Thanks. It makes sense to seek some kind of balance. I find that some of the clips that I've uploaded lately look TOO bland. They would have benefited from a bit of livening up. Back to the drawing board...

 

Your clips look good to my untrained eye, not too processed but still attractive enough to catch some attention.

Edited by John Mitchell
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On 08/08/2021 at 03:17, Phil Robinson said:

I found it a bit daunting at first, never having having dealt with video before, but I'm comfortable with it now and keep finding new things it can do.
 

 

 

Have you found a way to recover detail in highlights using Shotcut? The only option seems to be the "Brightness" filter, which helps a bit, but not much.

 

 

Edited by John Mitchell
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23 hours ago, Joseph Clemson said:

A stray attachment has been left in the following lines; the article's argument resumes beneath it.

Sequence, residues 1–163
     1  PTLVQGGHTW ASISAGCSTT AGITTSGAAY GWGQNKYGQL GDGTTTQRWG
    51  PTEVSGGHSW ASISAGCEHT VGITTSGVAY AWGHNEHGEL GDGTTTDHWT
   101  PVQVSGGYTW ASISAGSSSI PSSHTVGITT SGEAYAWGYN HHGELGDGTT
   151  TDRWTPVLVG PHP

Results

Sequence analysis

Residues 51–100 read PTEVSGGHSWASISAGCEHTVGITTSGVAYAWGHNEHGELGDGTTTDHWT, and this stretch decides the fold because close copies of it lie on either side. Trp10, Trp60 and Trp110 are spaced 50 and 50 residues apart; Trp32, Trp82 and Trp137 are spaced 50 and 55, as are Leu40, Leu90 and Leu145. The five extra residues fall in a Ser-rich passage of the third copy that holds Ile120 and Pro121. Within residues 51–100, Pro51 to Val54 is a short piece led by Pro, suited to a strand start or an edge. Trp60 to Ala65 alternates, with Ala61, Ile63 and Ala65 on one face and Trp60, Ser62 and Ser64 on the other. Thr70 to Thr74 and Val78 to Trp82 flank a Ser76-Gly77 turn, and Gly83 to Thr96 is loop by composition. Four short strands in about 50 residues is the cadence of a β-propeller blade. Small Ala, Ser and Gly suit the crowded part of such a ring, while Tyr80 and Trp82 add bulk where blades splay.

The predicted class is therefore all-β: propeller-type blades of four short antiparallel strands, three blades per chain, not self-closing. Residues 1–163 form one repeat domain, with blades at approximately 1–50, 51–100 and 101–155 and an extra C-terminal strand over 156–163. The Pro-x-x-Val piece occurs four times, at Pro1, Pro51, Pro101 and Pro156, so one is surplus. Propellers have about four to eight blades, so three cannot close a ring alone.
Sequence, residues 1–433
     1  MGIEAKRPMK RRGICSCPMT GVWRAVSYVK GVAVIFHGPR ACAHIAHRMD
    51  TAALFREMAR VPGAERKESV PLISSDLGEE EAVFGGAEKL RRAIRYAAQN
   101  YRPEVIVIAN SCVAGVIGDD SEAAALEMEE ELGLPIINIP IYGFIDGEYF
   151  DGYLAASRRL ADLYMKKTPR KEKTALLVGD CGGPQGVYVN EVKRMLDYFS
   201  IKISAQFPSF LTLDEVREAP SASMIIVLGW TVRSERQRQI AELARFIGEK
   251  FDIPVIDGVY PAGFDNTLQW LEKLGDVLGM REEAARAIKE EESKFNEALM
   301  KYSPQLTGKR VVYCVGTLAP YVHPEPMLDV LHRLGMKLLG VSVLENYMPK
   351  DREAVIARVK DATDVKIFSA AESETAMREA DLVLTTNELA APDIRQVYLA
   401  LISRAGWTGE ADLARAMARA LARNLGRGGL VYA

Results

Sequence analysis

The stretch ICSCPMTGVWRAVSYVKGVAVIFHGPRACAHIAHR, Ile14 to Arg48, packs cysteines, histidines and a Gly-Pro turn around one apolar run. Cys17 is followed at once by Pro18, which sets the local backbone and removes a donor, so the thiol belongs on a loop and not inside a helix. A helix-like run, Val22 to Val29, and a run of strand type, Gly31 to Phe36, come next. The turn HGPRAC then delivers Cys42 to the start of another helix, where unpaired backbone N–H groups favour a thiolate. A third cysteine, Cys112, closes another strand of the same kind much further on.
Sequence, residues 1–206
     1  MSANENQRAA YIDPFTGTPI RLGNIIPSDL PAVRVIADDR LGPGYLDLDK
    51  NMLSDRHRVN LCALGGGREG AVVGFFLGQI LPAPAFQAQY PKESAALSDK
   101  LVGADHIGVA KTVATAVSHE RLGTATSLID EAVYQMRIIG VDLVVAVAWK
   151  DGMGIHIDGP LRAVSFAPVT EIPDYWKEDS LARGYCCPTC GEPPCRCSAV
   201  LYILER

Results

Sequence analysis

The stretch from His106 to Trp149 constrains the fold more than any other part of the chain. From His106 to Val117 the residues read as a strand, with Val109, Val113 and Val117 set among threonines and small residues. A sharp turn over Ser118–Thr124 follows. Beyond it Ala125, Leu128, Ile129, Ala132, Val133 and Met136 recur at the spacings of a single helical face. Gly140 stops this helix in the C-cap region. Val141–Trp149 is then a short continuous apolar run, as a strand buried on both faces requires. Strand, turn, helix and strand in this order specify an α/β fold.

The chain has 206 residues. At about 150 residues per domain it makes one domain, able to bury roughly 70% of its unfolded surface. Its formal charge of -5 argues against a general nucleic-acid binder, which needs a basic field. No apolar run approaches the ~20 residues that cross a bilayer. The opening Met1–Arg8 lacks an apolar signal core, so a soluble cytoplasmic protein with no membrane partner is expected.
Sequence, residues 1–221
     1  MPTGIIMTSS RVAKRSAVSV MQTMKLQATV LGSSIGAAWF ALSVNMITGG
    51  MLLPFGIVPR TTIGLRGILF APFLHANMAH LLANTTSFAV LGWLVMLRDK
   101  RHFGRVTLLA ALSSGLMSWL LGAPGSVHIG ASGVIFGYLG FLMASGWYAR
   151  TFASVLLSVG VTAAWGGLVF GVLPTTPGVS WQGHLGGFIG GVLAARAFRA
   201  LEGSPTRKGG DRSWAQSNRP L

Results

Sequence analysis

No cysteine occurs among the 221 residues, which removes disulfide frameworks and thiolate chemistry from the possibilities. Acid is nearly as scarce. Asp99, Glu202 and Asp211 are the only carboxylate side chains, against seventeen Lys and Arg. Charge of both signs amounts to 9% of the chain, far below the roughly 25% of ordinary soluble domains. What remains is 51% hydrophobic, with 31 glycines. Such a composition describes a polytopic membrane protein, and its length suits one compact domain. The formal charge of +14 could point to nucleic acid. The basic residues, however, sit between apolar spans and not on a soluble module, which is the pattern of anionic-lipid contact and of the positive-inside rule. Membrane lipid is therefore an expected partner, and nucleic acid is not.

To know what to do for the best I would have to be a colourist or video production specialist and I am neither. I find myself leaning towards what I have learned as a photographer, where some degree of exposure adustment, contrast, saturation etc. will help a photo to sell where a bland image may not.

 

I shoot using my Canon 60D with a neutral  picture style, including zero in-camera sharpening. My basic processing procedure is to try to compensate for any significant over or under exposure (though badly exposed footage goes to the waste bin). Sometimes getting the overall exposure right involves using a graduated filter to bring down highlights or lift shadows in particular areas of the image. I then use the colour scopes parade view to adjust colour balance and overall range in each of the three colour channels (in the same way that as a photographer I try to get the histogram within about 5% of the white and black points on the histogram, depending on the nature of the image). Lastly I add a little sharpening if the image is particularly soft. As this is a moving image, occasionally it is necessary to use keyframes to move the graduated mask(s) and/or adjust different values as the scene changes.